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A Vancouver theatre group plans to go ''all the way'' with a new play that features live sex, an act that exposes the ambiguous nature of Canadian obscenity laws.Public Sex, Art and Democracy, which premieres at Vancouver's Art of Loving erotic art store and gallery on June 26, will include a scene that involves two amateur actors both engaged in oral sex.

The producers say the performance of an explicit, not simulated, sexual act will make Canadian theatrical history.

"To my knowledge this is the first time in Canadian art and Canadian theatre history that [a play]features an explicit act of lovemaking," said John Ince, a Vancouver lawyer and erotic-arts activist who co-owns the store where the play will be presented.

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He said the on-stage sexual acts will be "hot and titillating," but not gratuitous.

Sarah Bloor, a spokeswoman for the Vancouver Police Department, said the production will not be investigated, charged or closed down unless "someone in the audience files a complaint, saying they were offended."

"The sexual performance is an intrinsic part of the message of the play, which is to question why depictions of graphic sexuality, even in a loving context, are so frightening," said Mr. Ince, who co-wrote the two-part play with visual artist Martin Guderna. Tanya Seltenrich, a theatre designer, and Dana Williams, a classically trained chef and self-described "erotic adventurer," are the real-life couple who will perform the sex act.

The performance raises two obvious questions: Is this theatre? And is it legal?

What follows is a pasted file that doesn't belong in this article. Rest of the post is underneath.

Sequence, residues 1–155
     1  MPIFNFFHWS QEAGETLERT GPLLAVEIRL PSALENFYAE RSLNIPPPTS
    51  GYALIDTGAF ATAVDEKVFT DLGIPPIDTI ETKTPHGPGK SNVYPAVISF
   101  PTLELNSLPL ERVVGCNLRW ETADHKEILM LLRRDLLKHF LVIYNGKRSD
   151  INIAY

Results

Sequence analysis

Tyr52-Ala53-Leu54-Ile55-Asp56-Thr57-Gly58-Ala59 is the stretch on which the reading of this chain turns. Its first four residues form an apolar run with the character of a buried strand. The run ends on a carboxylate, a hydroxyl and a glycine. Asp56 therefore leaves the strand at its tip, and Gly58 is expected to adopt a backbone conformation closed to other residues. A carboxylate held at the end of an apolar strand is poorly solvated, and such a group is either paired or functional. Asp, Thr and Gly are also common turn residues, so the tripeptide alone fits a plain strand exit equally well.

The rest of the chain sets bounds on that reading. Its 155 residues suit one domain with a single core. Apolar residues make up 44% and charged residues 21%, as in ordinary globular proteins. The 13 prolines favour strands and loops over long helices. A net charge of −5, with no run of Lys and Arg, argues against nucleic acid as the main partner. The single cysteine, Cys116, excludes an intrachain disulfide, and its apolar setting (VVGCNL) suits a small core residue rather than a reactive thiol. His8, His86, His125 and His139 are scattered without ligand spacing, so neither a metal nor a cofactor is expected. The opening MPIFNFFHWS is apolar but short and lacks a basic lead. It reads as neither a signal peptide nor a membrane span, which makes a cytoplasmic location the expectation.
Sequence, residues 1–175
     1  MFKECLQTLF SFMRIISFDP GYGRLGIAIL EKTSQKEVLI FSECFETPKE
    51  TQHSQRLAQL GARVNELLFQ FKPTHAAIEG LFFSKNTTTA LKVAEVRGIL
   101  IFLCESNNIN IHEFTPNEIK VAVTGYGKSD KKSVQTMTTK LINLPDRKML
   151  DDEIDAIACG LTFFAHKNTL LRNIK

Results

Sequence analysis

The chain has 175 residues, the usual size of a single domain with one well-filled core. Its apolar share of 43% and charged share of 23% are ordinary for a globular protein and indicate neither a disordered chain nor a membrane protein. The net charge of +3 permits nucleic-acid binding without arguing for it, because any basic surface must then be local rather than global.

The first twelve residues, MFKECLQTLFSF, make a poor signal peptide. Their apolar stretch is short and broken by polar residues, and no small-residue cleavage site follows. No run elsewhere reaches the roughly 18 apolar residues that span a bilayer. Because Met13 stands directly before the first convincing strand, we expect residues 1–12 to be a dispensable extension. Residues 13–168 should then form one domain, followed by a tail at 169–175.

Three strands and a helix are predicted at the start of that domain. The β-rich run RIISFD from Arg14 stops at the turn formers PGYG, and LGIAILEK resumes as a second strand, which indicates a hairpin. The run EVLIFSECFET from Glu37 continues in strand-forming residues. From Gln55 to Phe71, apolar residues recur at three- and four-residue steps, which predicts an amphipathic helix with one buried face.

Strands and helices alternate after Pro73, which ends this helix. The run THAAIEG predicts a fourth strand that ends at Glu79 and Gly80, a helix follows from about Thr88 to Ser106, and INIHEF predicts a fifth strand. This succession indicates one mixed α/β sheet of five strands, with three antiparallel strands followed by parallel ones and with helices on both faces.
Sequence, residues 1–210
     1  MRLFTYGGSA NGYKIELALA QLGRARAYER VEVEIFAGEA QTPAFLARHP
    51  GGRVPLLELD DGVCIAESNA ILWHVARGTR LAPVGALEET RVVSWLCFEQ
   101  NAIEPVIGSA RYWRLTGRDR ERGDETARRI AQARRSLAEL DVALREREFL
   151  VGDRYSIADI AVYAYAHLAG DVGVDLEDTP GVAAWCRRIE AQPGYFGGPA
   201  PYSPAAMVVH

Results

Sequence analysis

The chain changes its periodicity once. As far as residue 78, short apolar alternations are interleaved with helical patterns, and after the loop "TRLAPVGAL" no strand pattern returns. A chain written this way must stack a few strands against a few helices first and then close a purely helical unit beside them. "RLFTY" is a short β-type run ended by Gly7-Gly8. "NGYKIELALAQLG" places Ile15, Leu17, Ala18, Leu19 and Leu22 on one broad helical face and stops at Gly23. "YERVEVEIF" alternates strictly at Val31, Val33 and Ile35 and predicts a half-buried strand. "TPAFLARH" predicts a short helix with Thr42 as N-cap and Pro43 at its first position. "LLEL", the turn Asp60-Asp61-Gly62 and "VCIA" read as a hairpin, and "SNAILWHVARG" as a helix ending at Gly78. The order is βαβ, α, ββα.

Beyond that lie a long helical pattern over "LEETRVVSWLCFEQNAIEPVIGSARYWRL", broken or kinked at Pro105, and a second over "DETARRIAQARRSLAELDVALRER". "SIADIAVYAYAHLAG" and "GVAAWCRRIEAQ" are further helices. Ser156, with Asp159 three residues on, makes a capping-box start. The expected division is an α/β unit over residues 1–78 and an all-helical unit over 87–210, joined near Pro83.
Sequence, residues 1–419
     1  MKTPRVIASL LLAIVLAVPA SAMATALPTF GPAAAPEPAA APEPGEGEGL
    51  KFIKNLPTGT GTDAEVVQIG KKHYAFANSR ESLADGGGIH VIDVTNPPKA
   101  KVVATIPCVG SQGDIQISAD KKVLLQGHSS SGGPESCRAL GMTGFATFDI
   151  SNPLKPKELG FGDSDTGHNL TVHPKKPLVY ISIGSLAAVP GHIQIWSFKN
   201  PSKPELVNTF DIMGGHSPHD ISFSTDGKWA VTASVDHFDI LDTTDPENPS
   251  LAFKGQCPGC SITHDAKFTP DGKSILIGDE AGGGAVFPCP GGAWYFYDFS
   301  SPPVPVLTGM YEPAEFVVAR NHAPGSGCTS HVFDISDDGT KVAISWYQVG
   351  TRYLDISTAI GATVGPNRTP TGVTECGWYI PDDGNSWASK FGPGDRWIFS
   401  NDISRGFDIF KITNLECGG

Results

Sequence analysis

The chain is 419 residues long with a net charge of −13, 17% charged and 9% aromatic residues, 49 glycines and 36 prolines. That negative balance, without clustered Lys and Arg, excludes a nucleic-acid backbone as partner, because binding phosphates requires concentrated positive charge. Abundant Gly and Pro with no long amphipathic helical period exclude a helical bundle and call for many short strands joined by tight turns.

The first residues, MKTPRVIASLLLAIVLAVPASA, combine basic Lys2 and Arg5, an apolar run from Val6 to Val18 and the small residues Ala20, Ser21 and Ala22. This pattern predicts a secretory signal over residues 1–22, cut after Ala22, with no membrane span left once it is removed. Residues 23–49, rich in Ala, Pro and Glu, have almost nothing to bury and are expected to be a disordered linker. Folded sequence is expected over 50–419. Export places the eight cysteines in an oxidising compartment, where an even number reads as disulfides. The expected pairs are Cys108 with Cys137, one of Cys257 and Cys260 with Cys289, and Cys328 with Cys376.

Mr. Ince admits that "agit-prop theatre" might better describe the performance, which will begin with him and Mr. Guderna, as themselves, discussing what they call the "undemocratic" nature of Canadian sex laws.

"Basically, the law states that you can't present an obscene performance and then defines obscene in mumbo-jumbo. My argu-ment is that the law is incoherent."

Mr. Ince said he is prepared to take the play on the road.

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"If it works well here, we're going to take it across the country. Even if it does get shut down, I'm prepared to litigate this one all the way, whatever they charge me."

It's an argument that has worked for him before. In 1985, Mr. Ince successfully challenged Canada Customs in the Luscher case, and persuaded the Federal Court of Appeal that provisions allowing agents to seize "immoral and indecent material" were unconstitutionally vague.

Thomas Luscher was charged after he tried to bring into Canada on Jan. 4, 1982, a 40-page magazine that contained sexually explicit scenes involving a man and a woman. Customs officials seized the magazine, saying it contained material "of an immoral or indecent character" and therefore contravened a section of the Canada Customs Tariff Act.

Mr. Ince is currently challenging the B.C. director of film classification, arguing that the bureaucratic system has suppressed sex-education films and that provinces should withdraw from the censorship arena.

When contacted by The Globe and Mail, the Vancouver Police Department could not provide a clear answer as to whether the play was legal or not.

"If the play involves violence, it would certainly be a violation of the Criminal Code," Ms. Bloor said. "But is a live sex act obscene? I'm not quite sure. If the audience is paying, that makes it a little different."

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Bruce Ryder, a law professor at Osgoode Hall and constitutional expert on issues of sexual censorship, said an act of public sex might contravene the Criminal Code, but added that it would be hard to predict whether the producers of this play could be successfully charged in court.

"To describe our obscenity laws as ambiguous is kind," he said. "I don't know of any case where judges have said live sex acts are illegal, but there have been plenty of successful prosecutions that involved far less explicitness.

"Where this particular performance would fall, I can't say. It's not a situation that has been directly addressed by the precedents. My guess is that most judges would say Canadians are not ready to tolerate live sex acts in front of a paying audience. But it would depend on which judge hears the case."

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